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Friday 28th October 2016

Children at risk of liver disease

4th July 2011

England's National Clinical Director for Liver Disease has warned that half a million children could be in danger of developing fatty liver disease because of their weight.


Professor Martin Lombard said 500,000 four to 14-year-olds were at risk of the condition, which is caused when high levels of fat in liver cells prevent them from operating in the right way and can cause strokes and heart disease. 

The condition can also cause diabetes and cirrhosis of the liver as a person ages.

Professor Lombard made his calculations based on data from the National Child Measurement Programme.

He warned that up to 60,000 10-year-old children could be in danger of excessively high levels of fat in their livers, which could cause health problems as they aged.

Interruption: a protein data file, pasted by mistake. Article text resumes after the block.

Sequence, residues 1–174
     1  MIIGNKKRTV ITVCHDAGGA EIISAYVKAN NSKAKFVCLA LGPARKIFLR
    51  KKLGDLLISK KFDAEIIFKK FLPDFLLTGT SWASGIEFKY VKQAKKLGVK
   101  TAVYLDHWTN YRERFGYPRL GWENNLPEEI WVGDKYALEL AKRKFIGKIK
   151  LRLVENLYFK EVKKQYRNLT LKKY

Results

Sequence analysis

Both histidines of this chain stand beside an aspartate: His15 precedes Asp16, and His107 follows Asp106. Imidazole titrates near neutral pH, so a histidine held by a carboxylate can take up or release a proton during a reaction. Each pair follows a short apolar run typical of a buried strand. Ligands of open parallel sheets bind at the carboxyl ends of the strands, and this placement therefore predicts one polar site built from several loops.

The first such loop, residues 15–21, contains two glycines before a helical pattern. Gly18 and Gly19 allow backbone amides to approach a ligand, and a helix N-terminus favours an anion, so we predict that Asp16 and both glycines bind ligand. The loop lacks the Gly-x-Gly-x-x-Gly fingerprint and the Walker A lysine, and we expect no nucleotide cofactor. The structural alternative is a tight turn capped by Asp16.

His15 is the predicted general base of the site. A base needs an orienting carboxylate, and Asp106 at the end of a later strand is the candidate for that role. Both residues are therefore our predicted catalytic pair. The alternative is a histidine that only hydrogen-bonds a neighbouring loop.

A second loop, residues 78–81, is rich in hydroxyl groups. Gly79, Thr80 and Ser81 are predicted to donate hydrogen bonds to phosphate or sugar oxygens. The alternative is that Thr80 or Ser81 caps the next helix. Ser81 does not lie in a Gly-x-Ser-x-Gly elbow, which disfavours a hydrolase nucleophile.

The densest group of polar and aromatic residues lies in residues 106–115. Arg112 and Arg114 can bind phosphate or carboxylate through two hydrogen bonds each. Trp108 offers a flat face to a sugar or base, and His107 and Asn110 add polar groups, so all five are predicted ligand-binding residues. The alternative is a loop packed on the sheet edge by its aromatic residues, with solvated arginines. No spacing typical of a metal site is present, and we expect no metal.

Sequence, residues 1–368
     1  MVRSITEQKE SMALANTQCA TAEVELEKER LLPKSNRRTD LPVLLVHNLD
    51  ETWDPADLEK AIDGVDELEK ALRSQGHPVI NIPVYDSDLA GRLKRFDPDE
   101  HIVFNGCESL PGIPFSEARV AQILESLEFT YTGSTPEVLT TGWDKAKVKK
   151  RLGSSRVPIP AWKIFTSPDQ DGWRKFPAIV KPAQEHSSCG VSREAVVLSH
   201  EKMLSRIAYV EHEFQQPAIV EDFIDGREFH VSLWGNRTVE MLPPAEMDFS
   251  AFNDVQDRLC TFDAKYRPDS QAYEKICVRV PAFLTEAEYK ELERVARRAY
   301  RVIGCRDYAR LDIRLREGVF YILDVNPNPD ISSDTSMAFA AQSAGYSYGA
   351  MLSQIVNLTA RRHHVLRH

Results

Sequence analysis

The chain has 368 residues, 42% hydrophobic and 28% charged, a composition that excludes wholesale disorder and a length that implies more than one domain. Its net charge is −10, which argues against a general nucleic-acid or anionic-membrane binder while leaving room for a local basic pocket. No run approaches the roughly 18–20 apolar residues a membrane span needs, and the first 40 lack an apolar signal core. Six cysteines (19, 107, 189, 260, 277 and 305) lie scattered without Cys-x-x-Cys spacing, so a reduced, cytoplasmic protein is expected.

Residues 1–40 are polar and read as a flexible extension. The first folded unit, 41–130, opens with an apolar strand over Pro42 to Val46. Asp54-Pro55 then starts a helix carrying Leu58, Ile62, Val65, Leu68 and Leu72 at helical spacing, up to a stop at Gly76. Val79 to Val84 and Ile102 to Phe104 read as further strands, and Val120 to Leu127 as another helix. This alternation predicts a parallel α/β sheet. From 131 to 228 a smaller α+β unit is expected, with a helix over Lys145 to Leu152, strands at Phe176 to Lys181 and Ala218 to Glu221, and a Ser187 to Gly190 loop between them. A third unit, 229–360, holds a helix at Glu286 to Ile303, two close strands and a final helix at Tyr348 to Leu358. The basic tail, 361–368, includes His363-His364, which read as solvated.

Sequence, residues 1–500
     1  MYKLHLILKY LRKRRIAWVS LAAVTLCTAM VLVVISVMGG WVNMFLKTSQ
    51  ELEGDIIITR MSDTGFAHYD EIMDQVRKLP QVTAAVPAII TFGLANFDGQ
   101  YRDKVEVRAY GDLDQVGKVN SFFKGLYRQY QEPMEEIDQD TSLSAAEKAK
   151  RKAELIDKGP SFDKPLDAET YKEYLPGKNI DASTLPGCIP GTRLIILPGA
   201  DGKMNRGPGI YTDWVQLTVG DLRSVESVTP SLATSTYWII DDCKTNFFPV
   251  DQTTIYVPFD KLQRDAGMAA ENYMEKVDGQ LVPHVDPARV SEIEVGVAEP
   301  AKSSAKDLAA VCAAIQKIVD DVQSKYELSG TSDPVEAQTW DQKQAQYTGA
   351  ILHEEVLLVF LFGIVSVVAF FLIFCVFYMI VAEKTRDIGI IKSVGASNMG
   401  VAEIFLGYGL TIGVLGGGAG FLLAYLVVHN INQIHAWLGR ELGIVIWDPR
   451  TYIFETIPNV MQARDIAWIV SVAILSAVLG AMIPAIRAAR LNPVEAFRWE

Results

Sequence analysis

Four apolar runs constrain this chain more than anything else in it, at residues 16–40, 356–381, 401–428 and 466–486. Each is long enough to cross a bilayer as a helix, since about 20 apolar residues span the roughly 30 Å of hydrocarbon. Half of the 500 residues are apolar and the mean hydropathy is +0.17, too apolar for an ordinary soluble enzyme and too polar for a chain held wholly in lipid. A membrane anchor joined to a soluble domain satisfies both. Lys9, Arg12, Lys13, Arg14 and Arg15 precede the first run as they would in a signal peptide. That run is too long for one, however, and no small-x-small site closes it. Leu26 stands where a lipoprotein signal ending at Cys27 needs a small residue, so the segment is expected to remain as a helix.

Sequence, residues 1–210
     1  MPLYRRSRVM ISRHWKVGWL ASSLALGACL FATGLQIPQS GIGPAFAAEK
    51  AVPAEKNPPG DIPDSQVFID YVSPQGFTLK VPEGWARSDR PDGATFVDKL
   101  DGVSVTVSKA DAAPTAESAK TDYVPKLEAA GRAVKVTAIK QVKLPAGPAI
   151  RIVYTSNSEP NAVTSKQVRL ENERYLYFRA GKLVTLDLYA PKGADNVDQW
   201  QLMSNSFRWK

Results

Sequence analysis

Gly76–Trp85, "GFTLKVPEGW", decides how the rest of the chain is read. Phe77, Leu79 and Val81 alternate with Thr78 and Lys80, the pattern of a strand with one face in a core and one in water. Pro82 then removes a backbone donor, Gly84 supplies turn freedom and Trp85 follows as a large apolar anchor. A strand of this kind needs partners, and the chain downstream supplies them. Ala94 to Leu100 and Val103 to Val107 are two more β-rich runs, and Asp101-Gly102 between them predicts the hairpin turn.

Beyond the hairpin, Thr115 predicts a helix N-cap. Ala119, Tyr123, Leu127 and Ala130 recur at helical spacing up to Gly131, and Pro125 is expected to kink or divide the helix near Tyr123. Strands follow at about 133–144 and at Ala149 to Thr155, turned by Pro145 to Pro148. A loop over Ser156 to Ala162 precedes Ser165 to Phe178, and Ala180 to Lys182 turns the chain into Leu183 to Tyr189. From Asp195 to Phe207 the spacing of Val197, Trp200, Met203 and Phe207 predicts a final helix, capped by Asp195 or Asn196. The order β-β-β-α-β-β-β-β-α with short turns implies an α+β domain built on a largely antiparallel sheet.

Government data has shown that almost one fifth of children in the reception class of schools in England were overweight or obese.

In 10 and 11-year-old children this figure increased, with one third of pupils being overweight or obese.

Professor Lombard said: "The unfortunate problem with liver disease is you don't get any symptoms at all until it's at an advanced stage. So you get cirrhosis and then you have complications that arise from that cirrhosis which can be very serious."

"Parents should be concerned about children who are overweight as they will be at risk of developing fatty liver. If they don't become more active and lose the weight as they go on, then they become overweight adults and have a range of other risk factors as well." 


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